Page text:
What’s a good way to yield top money on your e-commerce or service platform nowadays? It’s to have your customers not pay you immediately. Thus, Buy Now, Pay Later has become the fastest-growing segment in consumer finance. Shoppers want to have it. Merchants want them to have it. And BNPL providers like Klarna (B2C), Afterpay (B2C) or Biller (B2B) are eager to provide it. But what exactly makes Buy Now, Pay Later so popular? And should your business strive for its own BNPL solution?
In this article, we detail…
- What the core advantages of Buy Now, Pay Later are
- What the 3 major challenges are, when you build your own Buy Now Pay Later solution
- How to overcome those challenges with the CoreWallet framework
Now, to question 1…
What Buy Now, Pay Later Does – And Why Customers Want It
Buy Now, Pay Later is not a new concept. But in today’s e-commerce landscape, it is a fresh concept.
Buy Now, Pay Later methods upon checkout allow customers to buy something online, but pay for it long after delivery. Thus, it is a novel, online variant of purchase on account, for short-term financing of goods. The customer owes the BNPL provider the purchase amount, due at a future date (e.g. after 3 months).
That’s only the basic principle, of course. In most cases, the buyer pays the full amount once the credit period expires. Yet, depending on the BNPL provider, customers might also have to pay a certain partial amount during the checkout and then pay the remaining amount later. Additionally, some Buy Now, Pay Later providers allow payment in multiple installments. In that, they resemble traditional bank-driven installment payments. However, no traditional banking institutions have to be involved there. Besides, some BNPL companies even refrain from charging interest rates – a practice that banks still adhere to.
The Pros of BNPL Systems
In BNPL, customers appreciate:
- The financial flexibility to get goods right when they need them and pay the bill later or in installments
- The improved, frictionless customer experience, as customers don’t need to involve their banks for installment payments or credit cards
- The easier onboarding and fewer restrictions, when compared to bank accounts or credit cards
Merchants, who offer BNPL, benefit from:
- Fewer cart abandonments due to reduced friction (lesser bank involvement, easier access to a payment option)
- Better conversion rates as customers buy on first contact – instead of bookmarking and forgetting about the product
- Broader customer base / more revenue as even higher-priced offers become more affordable for more people
The Cons of BNPL Systems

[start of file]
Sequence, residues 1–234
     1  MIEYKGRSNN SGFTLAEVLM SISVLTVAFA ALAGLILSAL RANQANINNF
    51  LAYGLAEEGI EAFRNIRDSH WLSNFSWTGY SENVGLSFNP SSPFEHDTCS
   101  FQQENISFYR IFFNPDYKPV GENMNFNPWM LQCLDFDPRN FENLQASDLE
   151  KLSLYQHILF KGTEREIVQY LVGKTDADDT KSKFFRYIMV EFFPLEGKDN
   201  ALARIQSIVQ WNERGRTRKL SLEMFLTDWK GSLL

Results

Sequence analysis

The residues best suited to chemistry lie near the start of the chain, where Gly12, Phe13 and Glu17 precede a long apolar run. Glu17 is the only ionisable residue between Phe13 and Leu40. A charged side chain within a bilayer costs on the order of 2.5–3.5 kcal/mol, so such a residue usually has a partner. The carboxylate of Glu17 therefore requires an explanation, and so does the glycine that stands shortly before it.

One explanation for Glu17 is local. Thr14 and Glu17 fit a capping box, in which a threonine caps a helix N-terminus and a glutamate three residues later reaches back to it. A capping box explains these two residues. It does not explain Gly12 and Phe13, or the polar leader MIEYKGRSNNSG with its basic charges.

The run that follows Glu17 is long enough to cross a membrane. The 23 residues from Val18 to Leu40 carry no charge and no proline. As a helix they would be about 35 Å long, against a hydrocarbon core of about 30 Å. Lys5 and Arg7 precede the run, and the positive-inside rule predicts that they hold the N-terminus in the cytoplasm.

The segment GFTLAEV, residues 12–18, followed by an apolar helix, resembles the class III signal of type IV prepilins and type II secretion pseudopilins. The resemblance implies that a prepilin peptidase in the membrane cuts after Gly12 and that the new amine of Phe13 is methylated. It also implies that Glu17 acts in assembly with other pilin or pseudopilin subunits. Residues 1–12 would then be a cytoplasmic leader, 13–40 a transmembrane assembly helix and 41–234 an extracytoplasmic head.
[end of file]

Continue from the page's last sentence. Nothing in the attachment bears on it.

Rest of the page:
Of course, BNPL systems don’t present a silver bullet for every payment issue. Many finance industry professionals have pointed out the flaws of BNPL – or outright criticized the principle as such – stating:
- Merchants may be targeted with fraudulent transactions, if the BNPL provider neglects efficient anti-risk and anti-fraud measures, allowing criminals to order goods they never pay for
- BNPL may encourage customers to spend money they don’t have, which can lead to liabilities exceeding the assets and low credit scores
- Some BNPL providers even encourage overspending by customers, as they make most of their money through dunning charges
Now, the question ist: Could you build a solution that avoids the flaws above?
Sure, but there are a few things to keep in mind while doing so.
Building Your Own BNPL Product: 3 Challenges
You can of course decide to integrate a turnkey BNPL solution into your platform. However, it brings some disadvantages: it ties your business to a certain 3rd party provider. Dependencies impair your flexibility and limit your options for innovation or expansion to new markets. If you search for a Buy Now Pay Later solution, make sure that it closely matches your business model. And that it leaves room for adjustments.
As a business owner, you’d probably want to enact full control over the financial technology on your platform. Consequently, you may also aim at creating a custom payment system (and there are good reasons for this). And you might plan to integrate Buy Now, Pay Later functionalities while you’re at it. Yet, raising everything from the ground up binds time, resources and workforce. Thus, the easiest way to create a BNPL solution would be to rely on a payment system framework that already comes with pre-built modules for common features (as our CoreWallet does).